“We’ll continue to be focused on [consumer/employee] safety, not just for the next few quarters, but for years and years to come,” Cornell said on the fiscal call. “We’ve been talking for years about being America’s easiest place to shop. We’re going to need to make sure we combine being an easy place to shop with America’s safest place to shop and make sure that that commitment to safety is ongoing.”

Rakuten TV Launches FC Barcelona Soccer Series

To soccer fans worldwide, Spain’s FC Barcelona (“Barça”) is one of the top professional clubs in the world led by Argentine’s Lionel Messi.

Rakuten TV Nov. 29 launched “Matchday: Inside FC Barcelona,” a free eight-episode reality-based program that follows the club and its players through the 2018-19 season.

Narrated by John Malkovich, the series claims to offer a “no-holds-barred” view of the club and players during a season that saw the club finish atop Spain’s La Liga as well feature prominently in the ongoing UEFA Champions League competition.

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Rakuten is a primary commercial sponsor of FC Barcelona. The series is available for free across the 42 European countries, including Japan.

Rakuten TV is a European-based VOD offering transactional access to new release movies and TV shows. It also includes an AVOD section, Rakuten TV Free, in a blend of thematic channels embracing Hollywood classics, local, exclusive and themed content.

Rakuten, headquartered in Japan, offers ecommerce in the United States. In addition to FC Barcelona, the company has partnerships with the NBA, the Golden State Warriors, Davis Cup and Spartan Race.

Best Buy Eyeing $50 Billion in Revenue, $1 Billion in Cost Cuts By 2025

Best Buy is projecting strength and growth heading into an investor event Sept. 25 in New York.

The consumer electronics retail giant’s “Building the New Blue: Chapter Two” under new CEO Corie Barry includes revised financial targets through 2025.

The company plans to trim $1 billion in costs over the period, while boosting revenue to $50 billion, up from 2020 guidance of $43.1 billion to $43.6 billion.

Heady goals in a retail environment under constant siege from ecommerce giants such as Amazon and Walmart, among others.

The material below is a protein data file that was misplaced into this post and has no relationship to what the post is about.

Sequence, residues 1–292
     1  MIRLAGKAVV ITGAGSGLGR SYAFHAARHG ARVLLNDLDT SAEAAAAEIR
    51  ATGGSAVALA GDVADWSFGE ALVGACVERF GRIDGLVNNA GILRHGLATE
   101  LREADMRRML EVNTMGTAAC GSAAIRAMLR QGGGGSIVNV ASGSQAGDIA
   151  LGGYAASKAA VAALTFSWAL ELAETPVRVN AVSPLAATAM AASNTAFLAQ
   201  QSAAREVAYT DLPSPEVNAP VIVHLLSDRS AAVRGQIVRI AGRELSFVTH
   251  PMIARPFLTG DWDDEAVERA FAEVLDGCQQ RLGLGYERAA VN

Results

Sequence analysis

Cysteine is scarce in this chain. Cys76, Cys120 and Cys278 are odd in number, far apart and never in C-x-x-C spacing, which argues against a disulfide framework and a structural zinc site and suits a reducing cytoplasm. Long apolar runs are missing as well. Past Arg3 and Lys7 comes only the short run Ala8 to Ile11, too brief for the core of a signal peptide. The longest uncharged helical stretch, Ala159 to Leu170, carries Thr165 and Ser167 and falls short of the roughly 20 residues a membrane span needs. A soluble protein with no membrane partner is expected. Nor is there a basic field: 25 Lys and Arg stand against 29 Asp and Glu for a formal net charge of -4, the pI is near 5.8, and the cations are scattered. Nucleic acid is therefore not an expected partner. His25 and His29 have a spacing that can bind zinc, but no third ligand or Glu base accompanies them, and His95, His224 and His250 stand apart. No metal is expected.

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Indeed, Best Buy last month revised downward fiscal-year revenue estimates — largely due to ongoing tariff concerns with China.

The company, like most CE retailers and manufacturers, relies in large part on Chinese-made products, including its line of Insignia TVs.

Second-quarter entertainment same-store sales dropped 13.7% compared to a 8.5% increase a year ago. The business unit includes DVD/Blu-ray Disc movies, video game hardware and software, books, music CDs and computer software.

Domestic entertainment revenue topped $441 million, down from $608 million during the previous-year period. The segment represented 5% of Best Buy’s domestic revenue compared to 7% last year. Best Buy closed 13 large format stores in the period.

Regardless, CFO Matt Bilunas remains optimistic.

“In this next chapter, our focus continues to be top-line growth,” Bilunas said in a statement. “We also believe the initiatives we will outline today … along with continued focus on cost reductions, will result in operating income rate expansion over the five-year time frame.”

Amazon Ups Q2 Prime Subscription Revenue 37%, Online Media Sales 14%

Amazon July 25 said it increased second-quarter (ended June 30) Prime subscription revenue 37% to $4.67 billion from $3.4 billion during the previous-year period.

Subscription revenue includes annual and monthly fees associated with Prime memberships, as well as audiobook, digital movies, e-book, digital music, and other non-AWS subscription services.

The Prime membership also includes free access to Amazon Prime Video streaming service.

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Online store sales increased 14% to $31 billion from $27.1 billion last year.

Online stores revenue includes product sales and digital media content available in both a physical (DVD and Blu-ray Disc) and digital format, such as books, music, videos, games, and software sold on a transactional basis.

In the quarter Amazon Prime Video received 47 Emmy nominations for its original programming, more than double from last year, including 20 nominations for “The Marvelous Mrs. Maisel” and 11 nominations for “Fleabag.”

Prime Video premiered the Jonas Brothers documentary Chasing Happiness, and original series, “Good Omens,” based on the novel by Neil Gaiman.

In addition, Prime Video is set to debut original series “The Boys,” from creators Evan Goldberg and Seth Rogen on July 26, and “Carnival Row,” starring Orlando Bloom and Cara Delevingne, among others, on Aug. 30.